If you live anywhere in the US, you have watched prices rise over the last year. In October 2021, the inflation rate was reported to be a whopping 6.2%, up year over year from just 1.2% in 2020. This impacts every facet of life, from the price of gas to grocery basics—and healthcare is no exception.
The Centers for Medicare and Medicaid announced on November 12, 2021, that Part B premiums will increase by 14.4% to a total of $170.10 per month; this translates to an additional $21.60 per month, and an additional $259.20 per year.
While Medicare beneficiaries who are receiving Social Security benefits will see a 5.9% cost of living adjustment in 2022, this Part B premium increase will take up a good part of that increase—and consumers, many living on fixed incomes in retirement, will feel the impact.
What is Part B?
Medicare Part B is sometimes called “Medical Insurance.” It helps cover services from doctors and other health care providers, outpatient care, home health care, durable medical equipment, and some preventive services, including certain vaccines and cancer screenings.
Most people need to enroll in Part B, through Center for Medicare and Medicaid Services, when they turn 65. Only people who have health insurance from their (or their spouse’s) current employer may be able to delay.
Everyone pays a monthly premium for Part B. If you get Social Security or Railroad Retirement Board (RRB) benefits, your Part B premium is automatically deducted from your benefit payment. The premium varies depending on your income and when you enroll in Part B, but most people will pay the standard premium amount. In 2022, this amount will be $170.10 per month, as mentioned above.
Offsetting the premium increase
While there’s nothing you can do to change that Part B premium amount, you may be able to find a Medicare Advantage plan with a Part B premium credit that will offset a portion of this cost. That means the plan pays you back each month to help with the cost of your Part B premium.
If you’re looking for a Medicare Advantage plan with a Part B premium credit, research your options and corresponding monthly credit amounts; they vary by plan. But here are a few more things you may want to consider as you weigh your options:
PPO or HMO?
These plan types are both great options. But it’s helpful to know the difference.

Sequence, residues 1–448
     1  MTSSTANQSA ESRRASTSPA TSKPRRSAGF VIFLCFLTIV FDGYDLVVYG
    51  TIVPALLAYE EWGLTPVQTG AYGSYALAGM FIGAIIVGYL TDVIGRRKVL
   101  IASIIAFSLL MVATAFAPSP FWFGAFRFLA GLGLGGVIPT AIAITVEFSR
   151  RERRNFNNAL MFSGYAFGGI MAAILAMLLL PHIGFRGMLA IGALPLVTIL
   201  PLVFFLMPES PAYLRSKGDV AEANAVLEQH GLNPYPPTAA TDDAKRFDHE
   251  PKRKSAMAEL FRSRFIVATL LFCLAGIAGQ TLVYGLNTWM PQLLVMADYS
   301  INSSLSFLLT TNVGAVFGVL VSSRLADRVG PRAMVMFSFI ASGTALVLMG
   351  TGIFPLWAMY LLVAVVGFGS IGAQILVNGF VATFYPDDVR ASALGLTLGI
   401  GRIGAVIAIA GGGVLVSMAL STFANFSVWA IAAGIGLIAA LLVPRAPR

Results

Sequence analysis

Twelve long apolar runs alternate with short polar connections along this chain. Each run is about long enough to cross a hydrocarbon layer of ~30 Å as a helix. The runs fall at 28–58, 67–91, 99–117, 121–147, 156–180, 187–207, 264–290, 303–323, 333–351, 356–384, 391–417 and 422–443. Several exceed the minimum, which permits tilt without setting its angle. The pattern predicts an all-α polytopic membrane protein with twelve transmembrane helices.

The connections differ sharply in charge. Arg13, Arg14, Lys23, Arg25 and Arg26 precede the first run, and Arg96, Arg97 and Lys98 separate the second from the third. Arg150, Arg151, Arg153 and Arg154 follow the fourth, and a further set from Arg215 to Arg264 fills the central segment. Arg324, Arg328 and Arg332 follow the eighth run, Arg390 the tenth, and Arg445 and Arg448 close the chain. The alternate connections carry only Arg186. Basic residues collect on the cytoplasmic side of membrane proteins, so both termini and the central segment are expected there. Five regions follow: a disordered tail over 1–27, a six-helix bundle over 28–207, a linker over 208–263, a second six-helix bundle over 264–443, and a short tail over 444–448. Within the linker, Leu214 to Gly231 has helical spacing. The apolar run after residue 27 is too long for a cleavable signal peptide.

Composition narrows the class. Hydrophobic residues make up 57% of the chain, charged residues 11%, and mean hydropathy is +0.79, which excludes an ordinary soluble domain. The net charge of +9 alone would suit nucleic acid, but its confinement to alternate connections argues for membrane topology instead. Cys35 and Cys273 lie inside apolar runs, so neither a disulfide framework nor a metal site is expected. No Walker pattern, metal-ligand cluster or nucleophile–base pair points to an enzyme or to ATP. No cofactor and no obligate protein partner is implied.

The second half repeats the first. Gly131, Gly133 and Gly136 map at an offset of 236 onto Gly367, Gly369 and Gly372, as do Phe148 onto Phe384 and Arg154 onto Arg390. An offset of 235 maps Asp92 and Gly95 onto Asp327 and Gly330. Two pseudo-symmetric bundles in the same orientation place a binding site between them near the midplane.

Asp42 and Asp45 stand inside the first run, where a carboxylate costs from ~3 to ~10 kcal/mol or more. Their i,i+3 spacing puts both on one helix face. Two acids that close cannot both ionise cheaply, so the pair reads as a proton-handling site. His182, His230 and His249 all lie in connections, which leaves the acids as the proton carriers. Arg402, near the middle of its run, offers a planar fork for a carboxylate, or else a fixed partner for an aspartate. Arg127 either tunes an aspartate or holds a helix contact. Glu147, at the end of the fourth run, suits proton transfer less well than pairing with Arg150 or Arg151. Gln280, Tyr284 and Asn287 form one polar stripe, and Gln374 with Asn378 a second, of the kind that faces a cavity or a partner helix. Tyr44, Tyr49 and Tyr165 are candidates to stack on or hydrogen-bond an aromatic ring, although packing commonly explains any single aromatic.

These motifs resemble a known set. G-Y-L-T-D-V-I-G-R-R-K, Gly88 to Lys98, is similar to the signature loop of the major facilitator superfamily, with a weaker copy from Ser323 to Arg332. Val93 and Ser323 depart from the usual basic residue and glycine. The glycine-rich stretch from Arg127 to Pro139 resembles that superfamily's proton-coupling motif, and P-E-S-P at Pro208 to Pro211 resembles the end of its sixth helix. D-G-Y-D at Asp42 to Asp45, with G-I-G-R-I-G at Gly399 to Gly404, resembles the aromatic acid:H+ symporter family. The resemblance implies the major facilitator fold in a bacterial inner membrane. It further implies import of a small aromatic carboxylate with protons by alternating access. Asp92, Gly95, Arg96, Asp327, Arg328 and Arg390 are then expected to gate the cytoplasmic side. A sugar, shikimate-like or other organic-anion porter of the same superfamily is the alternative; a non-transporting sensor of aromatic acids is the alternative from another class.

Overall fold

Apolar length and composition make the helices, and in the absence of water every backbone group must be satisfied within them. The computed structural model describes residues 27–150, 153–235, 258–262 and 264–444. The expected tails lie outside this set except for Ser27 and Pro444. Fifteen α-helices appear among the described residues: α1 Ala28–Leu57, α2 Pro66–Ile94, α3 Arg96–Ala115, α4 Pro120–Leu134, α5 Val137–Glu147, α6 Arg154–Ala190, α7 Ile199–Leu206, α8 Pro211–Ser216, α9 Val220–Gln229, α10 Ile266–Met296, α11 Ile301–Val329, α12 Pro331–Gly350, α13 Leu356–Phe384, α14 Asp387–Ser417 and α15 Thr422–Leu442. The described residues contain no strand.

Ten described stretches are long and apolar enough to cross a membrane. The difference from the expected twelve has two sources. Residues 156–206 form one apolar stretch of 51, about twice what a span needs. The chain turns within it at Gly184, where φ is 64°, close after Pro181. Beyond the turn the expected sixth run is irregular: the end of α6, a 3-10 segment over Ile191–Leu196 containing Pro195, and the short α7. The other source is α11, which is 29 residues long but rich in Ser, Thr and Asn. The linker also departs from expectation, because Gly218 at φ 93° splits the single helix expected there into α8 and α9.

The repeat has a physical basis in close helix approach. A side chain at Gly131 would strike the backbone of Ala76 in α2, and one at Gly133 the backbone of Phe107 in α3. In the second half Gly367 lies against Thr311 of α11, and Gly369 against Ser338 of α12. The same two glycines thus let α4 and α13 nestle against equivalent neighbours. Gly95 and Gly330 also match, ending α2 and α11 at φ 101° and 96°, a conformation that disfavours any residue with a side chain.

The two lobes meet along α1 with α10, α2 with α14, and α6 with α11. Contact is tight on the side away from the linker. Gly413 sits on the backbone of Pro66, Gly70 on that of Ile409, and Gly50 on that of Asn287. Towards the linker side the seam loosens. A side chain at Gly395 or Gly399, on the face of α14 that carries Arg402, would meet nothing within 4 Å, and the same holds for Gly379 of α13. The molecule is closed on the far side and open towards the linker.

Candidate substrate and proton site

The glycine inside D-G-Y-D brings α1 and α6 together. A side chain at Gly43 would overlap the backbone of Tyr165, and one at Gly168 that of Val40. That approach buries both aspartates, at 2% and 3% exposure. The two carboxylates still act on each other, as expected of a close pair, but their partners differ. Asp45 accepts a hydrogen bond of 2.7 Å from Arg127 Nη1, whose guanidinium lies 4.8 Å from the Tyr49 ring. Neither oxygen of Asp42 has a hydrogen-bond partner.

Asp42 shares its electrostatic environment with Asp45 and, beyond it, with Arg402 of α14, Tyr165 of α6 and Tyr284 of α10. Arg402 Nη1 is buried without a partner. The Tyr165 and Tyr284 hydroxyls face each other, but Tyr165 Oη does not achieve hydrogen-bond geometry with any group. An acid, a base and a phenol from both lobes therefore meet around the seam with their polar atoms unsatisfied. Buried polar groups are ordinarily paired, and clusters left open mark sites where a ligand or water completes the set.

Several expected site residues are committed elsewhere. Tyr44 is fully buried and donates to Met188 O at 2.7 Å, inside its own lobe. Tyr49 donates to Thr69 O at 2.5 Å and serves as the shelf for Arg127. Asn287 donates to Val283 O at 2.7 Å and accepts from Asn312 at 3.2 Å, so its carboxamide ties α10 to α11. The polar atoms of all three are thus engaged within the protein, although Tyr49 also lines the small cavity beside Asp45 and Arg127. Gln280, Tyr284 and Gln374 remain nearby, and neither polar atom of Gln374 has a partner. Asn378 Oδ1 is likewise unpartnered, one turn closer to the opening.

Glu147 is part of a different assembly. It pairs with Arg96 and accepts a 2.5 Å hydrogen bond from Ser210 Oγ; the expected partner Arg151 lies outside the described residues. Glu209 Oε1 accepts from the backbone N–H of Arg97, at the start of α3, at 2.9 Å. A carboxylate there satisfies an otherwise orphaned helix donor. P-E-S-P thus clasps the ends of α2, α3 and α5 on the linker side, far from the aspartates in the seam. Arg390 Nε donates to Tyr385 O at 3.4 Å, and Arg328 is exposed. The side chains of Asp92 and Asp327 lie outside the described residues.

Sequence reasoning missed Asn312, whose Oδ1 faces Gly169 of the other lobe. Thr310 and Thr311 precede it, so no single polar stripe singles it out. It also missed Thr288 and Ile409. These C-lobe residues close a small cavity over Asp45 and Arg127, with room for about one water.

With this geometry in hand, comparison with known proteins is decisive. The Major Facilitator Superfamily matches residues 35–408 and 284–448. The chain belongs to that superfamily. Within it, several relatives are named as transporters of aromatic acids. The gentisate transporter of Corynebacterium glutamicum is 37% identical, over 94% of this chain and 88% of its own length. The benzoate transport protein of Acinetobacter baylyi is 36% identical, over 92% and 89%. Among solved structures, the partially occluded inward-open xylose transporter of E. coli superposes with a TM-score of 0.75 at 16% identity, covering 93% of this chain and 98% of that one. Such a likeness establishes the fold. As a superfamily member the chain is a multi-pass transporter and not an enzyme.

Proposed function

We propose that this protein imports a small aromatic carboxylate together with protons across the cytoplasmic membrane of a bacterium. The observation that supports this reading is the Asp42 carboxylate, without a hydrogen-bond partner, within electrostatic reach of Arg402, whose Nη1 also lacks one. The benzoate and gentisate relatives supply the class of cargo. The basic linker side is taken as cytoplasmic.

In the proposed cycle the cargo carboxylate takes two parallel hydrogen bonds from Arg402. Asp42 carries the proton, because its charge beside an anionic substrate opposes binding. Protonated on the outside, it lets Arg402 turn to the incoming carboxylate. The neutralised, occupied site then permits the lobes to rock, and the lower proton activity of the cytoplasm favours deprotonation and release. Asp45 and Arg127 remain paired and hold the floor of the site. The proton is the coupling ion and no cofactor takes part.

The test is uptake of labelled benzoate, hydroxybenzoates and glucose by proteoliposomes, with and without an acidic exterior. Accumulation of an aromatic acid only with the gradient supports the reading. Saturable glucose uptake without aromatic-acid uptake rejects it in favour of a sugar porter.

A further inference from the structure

A preferred provider organization (PPO) plan gives you a financial incentive to select providers within the PPO network. That’s because the health insurer has negotiated contracts with PPO network providers to provide health services at discounted costs. You can go outside of the network for care, but you’ll pay more.
- You don’t have to choose a PCP, although selecting one can help you coordinate care and help make sure your health care needs are taken care of.
- You don’t need a referral to see a specialist, but you’ll have to make your own appointments with specialists and other health care providers.
Health maintenance organizations (HMOs) of today aren’t like the HMOs of the past. Some HMOs have a point of service (HMO-POS) option as well.
Most HMOs provide care through a network of doctors, hospitals and other medical professionals that you must use to be covered for your care. With an HMO-POS you can go outside of the network for care, but you’ll pay more.
- You’ll need to choose a primary care physician (PCP) to coordinate all your care.
- You typically don’t need a referral to see a specialist, but your doctor can sometimes help you get in to see one more quickly.
Cost and network
$0 premium plans dominate the Medicare Advantage market. And many of those come with $0 copays for primary care provider visits, $0 virtual care, $0 labs and more. Look for plans that reduce your out-of-pocket costs with $0 copays for routine care.
Your “MOOP”—or maximum out-of-pocket cost—matters too. This is the most you’ll pay for medical services. Plans with low MOOPs give you some security and peace of mind, knowing that you won’t spend more than that fixed amount for medical services.
But low costs are only as good as your network. Before you jump to a super low-cost plan, make sure your doctors and preferred healthcare facilities are in network; this will help you avoid frustration and unexpected costs down the road.
Prescription drug coverage
Lastly, not all Medicare Advantage plans are created equal. Some include Part D (prescription drug) coverage, and some do not. Maintaining a consistent medication regiment, if you have one, is important to your health—especially if you’re managing a chronic condition.
If you have one or multiple prescriptions, consider choosing a Medicare Advantage plan with Part D coverage. And double-check to make sure your prescriptions are on the health plan’s Approved Drug List or formulary before enrolling.
Meet PriorityMedicare VitalSM
PriorityMedicare Vital is the only $0 premium Medicare Advantage PPO plan in Michigan with a Part B credit and prescription coverage. With PriorityMedicare Vital, members will get $360 back in 2022 ($30 monthly Part B premium credit) plus access to an open network, no referrals required, and a low $4,700 out-of-pocket maximum. Available in most of the lower peninsula, this plan also includes extras like a $40 quarterly over-the-counter allowance, dental, vision, hearing and robust travel benefits.
Need help? Give us a call at 888-481-1348 (TTY 711).We’re available from 8 a.m.– 8 p.m., seven days a week.